The greatest Australian story never told – until now.
We’ve all heard the name – Buckley. It’s an all Australian catchphrase.
“You’ve got Buckley’s mate.”
“You’ve got two chances – Buckley’s and none.”
We know Buckley’s means ‘little chance’ but where did that come from? Who was Buckley?
Walkley Award winning journalist, Garry Linnell tells us exactly who this fascinating character is in the utterly absorbing, Buckley’s Chance.
The 19th century has just begun. The world is at war. England, ruled by a mad king, is exiling thousands of criminals to an old land that has become its newest dumping ground.
One of those prisoners is William Buckley, barely 21, a former soldier sentenced to life for stealing two small pieces of cloth. He’s a giant for his times. But it’s not just his towering frame that sets him apart. It’s his desire for freedom that will make his story so unique – even in an era famous for outrageous acts of bravery and heroism.
He has already fought Napoleon’s army and survived. He was sent to the gallows and escaped the noose. Now he is in chains and on his way to the other side of the world. What happens next will become one of the most remarkable survival stories in history.
On a moonlit night Buckley escapes and disappears into the Australian bush. Discovered and adopted by an aboriginal tribe who regard him as a ghost, he is initiated into their rich and complex culture. Given up for dead by his white captors, he will not be seen again for more than 30 years. Everyone figured he was dead. He was forgotten, until he emerges one day…carrying a spear, dressed in animal skins and having forgotten the English language.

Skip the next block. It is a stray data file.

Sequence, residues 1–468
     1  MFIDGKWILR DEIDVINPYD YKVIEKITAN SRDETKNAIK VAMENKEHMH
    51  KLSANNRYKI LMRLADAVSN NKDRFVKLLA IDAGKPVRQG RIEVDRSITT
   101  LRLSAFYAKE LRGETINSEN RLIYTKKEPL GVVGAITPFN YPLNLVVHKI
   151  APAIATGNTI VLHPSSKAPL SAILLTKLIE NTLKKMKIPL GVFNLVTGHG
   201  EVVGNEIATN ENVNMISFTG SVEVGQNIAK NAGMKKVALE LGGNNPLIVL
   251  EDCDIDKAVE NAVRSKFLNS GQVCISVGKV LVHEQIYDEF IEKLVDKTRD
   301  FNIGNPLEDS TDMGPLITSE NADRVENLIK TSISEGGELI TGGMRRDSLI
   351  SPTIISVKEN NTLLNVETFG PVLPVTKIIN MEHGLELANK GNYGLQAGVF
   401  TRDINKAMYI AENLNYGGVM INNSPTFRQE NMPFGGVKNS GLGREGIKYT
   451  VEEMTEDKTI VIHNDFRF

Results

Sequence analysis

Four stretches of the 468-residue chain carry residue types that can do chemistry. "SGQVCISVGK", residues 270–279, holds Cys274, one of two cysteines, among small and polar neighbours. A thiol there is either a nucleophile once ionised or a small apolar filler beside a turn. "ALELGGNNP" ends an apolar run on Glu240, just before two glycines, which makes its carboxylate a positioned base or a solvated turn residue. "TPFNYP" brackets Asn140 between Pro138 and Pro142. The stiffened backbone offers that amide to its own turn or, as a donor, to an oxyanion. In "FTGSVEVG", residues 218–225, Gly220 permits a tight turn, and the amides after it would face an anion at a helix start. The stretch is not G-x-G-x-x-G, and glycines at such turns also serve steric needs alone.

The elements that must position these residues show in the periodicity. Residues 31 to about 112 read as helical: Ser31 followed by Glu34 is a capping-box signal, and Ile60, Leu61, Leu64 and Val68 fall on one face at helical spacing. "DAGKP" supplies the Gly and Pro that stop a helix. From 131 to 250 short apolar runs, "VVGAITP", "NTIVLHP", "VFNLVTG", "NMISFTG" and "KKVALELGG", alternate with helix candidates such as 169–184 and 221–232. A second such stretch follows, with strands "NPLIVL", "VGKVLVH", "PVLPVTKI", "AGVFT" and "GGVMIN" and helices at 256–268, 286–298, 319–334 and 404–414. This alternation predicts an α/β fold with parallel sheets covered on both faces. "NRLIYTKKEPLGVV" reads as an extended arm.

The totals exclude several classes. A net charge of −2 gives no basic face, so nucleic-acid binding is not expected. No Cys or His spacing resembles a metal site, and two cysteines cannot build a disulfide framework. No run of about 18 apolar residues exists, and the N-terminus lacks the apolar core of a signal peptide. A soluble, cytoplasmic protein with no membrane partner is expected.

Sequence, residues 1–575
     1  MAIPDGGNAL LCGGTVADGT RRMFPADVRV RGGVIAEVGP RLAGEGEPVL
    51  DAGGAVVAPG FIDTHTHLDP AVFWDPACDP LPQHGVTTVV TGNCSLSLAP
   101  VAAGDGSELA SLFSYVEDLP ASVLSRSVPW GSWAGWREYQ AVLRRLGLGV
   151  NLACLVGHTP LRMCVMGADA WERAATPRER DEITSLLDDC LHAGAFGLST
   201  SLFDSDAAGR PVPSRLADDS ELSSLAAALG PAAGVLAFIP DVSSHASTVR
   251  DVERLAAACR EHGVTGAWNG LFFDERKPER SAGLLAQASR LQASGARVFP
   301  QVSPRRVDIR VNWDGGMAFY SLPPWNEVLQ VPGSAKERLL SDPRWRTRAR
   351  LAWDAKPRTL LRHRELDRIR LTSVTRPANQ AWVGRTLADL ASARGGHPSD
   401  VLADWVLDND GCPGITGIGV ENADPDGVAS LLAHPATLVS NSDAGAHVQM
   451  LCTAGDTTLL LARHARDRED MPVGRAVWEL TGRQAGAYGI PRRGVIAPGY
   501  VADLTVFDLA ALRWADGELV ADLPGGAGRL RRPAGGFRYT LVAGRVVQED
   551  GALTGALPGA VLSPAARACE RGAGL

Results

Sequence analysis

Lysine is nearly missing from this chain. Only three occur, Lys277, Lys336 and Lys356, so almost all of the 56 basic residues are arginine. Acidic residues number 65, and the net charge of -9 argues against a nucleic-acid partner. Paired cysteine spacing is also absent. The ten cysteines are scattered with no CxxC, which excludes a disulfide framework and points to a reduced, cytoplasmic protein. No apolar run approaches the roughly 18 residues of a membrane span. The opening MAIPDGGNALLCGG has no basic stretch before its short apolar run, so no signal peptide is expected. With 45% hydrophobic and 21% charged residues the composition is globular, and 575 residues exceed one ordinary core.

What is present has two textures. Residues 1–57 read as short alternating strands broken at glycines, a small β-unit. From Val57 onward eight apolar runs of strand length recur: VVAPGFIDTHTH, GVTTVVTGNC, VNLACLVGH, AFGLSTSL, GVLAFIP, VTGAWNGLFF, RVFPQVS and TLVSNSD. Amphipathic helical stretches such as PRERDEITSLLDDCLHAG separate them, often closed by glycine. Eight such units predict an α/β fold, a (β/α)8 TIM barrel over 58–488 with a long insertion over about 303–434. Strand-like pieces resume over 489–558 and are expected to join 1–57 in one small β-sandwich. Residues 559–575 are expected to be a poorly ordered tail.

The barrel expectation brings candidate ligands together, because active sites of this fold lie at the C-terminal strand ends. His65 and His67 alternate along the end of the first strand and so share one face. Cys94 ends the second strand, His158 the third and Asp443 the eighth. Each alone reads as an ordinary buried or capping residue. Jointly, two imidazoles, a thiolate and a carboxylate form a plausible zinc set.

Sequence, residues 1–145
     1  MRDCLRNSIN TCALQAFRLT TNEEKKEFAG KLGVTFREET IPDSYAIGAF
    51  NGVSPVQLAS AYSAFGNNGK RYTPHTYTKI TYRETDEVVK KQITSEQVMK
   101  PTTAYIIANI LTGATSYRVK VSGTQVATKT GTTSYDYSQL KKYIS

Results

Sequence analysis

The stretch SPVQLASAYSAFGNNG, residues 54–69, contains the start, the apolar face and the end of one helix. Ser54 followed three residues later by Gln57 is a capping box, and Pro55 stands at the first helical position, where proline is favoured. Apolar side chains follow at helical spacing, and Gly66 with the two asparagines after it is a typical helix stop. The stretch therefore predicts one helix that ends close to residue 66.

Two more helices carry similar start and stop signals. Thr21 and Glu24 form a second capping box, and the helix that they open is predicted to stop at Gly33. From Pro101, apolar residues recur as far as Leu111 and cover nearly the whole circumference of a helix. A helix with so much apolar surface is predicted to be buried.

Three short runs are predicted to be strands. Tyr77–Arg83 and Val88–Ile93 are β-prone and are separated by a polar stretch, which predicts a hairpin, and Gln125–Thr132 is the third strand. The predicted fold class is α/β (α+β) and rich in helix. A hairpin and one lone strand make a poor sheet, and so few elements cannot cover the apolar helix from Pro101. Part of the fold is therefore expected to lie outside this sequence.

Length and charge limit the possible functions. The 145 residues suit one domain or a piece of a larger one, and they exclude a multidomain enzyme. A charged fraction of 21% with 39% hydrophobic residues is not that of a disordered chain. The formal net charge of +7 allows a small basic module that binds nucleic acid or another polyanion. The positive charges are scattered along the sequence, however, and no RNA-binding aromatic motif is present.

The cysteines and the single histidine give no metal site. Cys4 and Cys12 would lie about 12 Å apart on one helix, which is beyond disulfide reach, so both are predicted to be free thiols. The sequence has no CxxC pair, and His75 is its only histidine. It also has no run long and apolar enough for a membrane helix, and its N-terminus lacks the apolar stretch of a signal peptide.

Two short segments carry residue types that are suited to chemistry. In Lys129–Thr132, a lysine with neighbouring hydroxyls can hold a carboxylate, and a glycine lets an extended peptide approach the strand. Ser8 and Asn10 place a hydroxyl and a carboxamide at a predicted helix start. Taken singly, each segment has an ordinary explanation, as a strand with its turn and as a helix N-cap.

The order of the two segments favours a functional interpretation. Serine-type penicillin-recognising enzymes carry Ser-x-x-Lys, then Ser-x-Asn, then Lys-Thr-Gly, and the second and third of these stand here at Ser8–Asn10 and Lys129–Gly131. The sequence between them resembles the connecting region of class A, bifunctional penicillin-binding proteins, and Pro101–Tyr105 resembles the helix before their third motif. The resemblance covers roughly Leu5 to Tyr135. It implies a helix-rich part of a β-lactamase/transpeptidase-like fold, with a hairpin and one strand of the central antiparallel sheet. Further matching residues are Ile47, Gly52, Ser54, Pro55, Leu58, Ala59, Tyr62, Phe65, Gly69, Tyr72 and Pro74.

Buckley’s Chance is a profound journey into a turning point in history where cultures clash, bitter rivals go to war and the body count mounts. It’s also the story of a man who refuses to be held down. A man prepared to defy all odds and take a chance.
As much as I enjoy immersing myself in the latest fiction to hit the shelves, it’s a nice change to read something a little different. Exceptionally well-researched, Linnell has delivered a terrific tale. The story is split into three sections that along with polished prose written in an unusual conversational style means that Buckley’s Chance is not your average historical biography. It’s vivid in its descriptions of not only Buckley but many figures of that time, as well as the setting and time period. William Buckley was an astounding character and Linnell does a brilliant job of bringing him to life on the page. I found Buckley’s Chance absolutely fascinating and highly entertaining.
At the back of the book Linnell includes summaries of many of the other characters who appear along the way – what happened to them later. There is also a list of Wadawurrung clan names and locations, as well as more information about the First Peoples of Victoria. This is an important book not only telling the history of one white man, but this period of history for Australia’s First Peoples, in particular the Wadawurrung.
It’s clear William Buckley sat on Garry Linnell’s shoulder as he wrote this book. I imagine he must be pleased with the result.
A fabulous yarn. Highly recommended.